The Dams That Were Not
All that remains of a proposed dam on the Kickapoo River is this concrete observation tower and a quarter-mile long berm. (Photo courtesy Friends of the Kickapoo Reserve)
Despite a growing portfolio of successful stories about restored rivers from removing dams, dam removal remains controversial. Though we have been out of the business of the dam removal process for many years, the River Alliance gets calls now and then to offer our expertise and advice to people committed to improving their river by removing decrepit and uneconomical dams.
We’ve been involved in three communities recently – the town of Dayton, in Waupaca County, the city of River Falls, and the village of Amherst – which are facing decisions about dams they are responsible for. In Amherst, village residents recently supported a referendum to keep that dam.
One consistently contentious issue, currently in Amherst and just about everywhere: what will the pond behind the dam look like once the thing that created it (the dam) is gone? Engineers and landscape architects can sometimes render convincing sketches to skeptical audiences of what a restored river will look like once a dam is gone.
Another way to look at what a river ought to be is like this: imagine a river that is free-flowing now that, for luck or fate or great foresight or public resistance, would have been dammed. It’s a compelling way to consider a dam’s effect on a river, and our own relationship to the river.
The Judges Got It
We recently tripped across a 60-year old legal case that spared a river from being dammed. The 7th U.S. Court of Appeals denied a power company’s request to build a hydro dam on the Namekagon River, a highly popular destination river for tubers, anglers and paddlers and part of the national Wild and Scenic Rivers system. In these days where making a case for the esthetic or “wild” value of natural resources struggles against economic imperatives, the court’s language from 1954 is refreshing to read.
The river was worth preserving in its natural state, wrote the court, because fishing there is “highly esteemed.” The court saw that people from urban centers would have a “thrill indeed” from witnessing a wild river and the wildlife thereof. In upholding the Federal Power Commission’s decision to deny the dam, the court said, unambiguously, that the “unique recreational features of the river were of greater public benefit that the use of the river for water-power development.”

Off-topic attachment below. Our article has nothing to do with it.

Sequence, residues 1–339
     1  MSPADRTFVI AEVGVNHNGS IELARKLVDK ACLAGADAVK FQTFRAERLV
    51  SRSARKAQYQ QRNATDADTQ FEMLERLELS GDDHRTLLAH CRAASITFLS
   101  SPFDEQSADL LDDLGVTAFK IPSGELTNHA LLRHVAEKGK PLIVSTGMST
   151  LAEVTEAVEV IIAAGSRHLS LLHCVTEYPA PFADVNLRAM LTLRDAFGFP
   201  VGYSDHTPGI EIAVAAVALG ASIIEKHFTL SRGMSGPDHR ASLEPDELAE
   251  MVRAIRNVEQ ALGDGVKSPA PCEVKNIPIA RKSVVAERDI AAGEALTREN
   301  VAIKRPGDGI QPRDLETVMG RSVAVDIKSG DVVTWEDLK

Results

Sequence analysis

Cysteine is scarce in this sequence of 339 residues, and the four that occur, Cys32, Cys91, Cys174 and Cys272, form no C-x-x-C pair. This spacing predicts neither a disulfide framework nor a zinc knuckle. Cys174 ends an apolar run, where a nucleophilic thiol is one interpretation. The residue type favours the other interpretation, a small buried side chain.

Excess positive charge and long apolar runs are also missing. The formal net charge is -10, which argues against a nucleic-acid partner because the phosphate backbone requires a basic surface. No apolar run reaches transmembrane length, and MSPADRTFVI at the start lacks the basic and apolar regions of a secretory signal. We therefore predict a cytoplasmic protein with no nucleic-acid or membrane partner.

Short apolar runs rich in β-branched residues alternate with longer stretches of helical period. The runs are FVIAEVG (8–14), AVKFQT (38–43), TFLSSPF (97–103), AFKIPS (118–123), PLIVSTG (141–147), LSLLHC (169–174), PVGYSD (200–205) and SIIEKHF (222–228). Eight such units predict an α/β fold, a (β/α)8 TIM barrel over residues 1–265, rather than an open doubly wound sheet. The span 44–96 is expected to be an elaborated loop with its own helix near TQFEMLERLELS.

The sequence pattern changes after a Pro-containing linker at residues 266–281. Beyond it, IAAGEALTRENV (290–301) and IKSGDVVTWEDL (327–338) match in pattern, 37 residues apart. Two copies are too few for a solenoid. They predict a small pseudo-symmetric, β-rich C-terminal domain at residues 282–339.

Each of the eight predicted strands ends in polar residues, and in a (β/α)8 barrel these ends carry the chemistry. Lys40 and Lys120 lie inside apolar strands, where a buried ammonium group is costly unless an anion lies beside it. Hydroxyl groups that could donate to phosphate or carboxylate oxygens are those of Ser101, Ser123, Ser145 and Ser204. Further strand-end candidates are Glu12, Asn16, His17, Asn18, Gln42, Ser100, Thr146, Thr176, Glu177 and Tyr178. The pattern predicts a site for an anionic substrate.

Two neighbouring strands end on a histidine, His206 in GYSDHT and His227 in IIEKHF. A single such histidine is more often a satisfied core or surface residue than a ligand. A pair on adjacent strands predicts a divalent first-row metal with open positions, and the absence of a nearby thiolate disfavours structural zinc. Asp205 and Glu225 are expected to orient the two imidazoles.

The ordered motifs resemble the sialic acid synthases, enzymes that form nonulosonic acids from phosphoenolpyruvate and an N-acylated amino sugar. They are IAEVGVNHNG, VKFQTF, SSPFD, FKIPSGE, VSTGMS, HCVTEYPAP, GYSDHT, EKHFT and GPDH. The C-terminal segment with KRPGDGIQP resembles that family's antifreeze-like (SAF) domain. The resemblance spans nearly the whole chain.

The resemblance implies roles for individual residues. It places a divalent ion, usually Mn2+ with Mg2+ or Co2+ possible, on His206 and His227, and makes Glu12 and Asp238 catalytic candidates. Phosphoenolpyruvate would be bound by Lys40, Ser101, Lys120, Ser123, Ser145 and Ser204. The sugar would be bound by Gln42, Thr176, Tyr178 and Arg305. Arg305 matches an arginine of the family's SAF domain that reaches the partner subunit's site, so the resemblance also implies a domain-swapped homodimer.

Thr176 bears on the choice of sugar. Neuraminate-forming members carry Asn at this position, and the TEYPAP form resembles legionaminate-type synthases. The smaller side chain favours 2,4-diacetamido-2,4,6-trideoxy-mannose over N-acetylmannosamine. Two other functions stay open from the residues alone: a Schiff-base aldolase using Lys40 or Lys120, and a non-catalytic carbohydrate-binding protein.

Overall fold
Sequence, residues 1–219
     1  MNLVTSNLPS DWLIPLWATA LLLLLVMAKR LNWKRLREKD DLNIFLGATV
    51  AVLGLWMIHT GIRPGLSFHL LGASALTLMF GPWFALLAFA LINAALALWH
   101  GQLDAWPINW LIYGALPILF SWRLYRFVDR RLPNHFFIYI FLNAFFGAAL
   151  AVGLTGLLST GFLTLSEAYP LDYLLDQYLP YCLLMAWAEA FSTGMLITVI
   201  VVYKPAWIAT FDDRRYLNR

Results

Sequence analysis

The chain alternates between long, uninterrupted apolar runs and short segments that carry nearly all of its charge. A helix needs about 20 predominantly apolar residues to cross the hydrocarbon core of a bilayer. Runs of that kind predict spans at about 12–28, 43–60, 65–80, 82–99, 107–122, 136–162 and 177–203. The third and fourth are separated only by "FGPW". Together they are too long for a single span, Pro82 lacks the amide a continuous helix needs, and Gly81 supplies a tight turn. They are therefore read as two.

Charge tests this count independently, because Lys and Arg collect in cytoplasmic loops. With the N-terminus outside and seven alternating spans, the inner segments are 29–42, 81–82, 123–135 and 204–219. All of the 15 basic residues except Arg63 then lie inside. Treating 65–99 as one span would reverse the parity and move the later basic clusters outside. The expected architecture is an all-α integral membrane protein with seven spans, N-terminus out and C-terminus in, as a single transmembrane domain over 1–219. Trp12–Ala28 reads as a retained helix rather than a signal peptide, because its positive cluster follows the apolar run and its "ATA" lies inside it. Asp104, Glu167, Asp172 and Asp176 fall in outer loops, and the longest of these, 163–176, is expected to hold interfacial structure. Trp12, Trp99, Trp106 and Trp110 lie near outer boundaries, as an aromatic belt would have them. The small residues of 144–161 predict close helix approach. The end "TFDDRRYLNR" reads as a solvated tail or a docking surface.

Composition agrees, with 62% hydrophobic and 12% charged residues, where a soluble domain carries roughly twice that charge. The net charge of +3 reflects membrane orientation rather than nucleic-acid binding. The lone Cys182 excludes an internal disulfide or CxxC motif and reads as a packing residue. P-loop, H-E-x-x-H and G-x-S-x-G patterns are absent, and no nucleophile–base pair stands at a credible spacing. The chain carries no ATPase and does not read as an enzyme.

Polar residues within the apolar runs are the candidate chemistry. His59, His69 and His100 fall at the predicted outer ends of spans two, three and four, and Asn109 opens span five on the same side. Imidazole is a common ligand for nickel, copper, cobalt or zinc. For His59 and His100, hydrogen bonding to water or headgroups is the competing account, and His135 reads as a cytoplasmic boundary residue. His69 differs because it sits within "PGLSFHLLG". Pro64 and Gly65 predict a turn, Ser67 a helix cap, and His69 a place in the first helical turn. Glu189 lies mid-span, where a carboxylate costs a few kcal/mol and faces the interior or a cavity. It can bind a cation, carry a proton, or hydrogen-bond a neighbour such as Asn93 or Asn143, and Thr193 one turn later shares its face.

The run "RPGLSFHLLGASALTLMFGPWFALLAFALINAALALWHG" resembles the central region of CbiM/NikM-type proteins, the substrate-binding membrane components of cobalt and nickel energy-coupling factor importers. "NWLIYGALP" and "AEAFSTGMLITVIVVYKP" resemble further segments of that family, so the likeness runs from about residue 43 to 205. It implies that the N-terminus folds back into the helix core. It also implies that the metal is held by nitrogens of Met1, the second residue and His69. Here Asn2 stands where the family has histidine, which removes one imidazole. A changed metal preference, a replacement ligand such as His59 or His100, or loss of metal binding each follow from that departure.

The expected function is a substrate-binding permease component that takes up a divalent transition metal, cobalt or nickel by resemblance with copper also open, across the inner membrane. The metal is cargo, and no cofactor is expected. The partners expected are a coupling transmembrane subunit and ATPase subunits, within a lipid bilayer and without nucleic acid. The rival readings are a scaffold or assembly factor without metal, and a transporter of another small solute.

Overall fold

The Dams that Weren’t
Besides the Namekagon, there are two other Wisconsin rivers treasured by recreationists today that were also spared dams. The best known one is on the Kickapoo, near La Farge. That dam was proposed by the federal government in the 1970s to control flooding, but land speculators got all excited about selling lots around the new “lake” the dam would create. The dam was never built.
The result is one of Wisconsin’s loveliest and most treasured river valleys, now managed by the Kickapoo Valley Preserve.
Another dam proposal is hardly known but is very significant in Wisconsin river history. Back in the late 1950s, land speculators proposed a dam on the Wolf River, again to sell lakeshore lots. Hunting and fishing groups pushed back, convincing our old friend Dave Martin, a state representative at the time, to stop the dam’s construction. Dave convinced the Legislature to essentially buy out Langlade County’s investment in the dam. The threat to the Wolf prompted conservation groups and Dave Martin to protect more threatened rivers. Dave sponsored the legislation that created Wisconsin’s Wild Rivers law, from which the federal Wild and Scenic Rivers law directly descends, via Gaylord Nelson. Nelson was Wisconsin’s governor and signed the Wild Rivers initiative into law in 1965.
Wisconsin now has five state-designated Wild Rivers.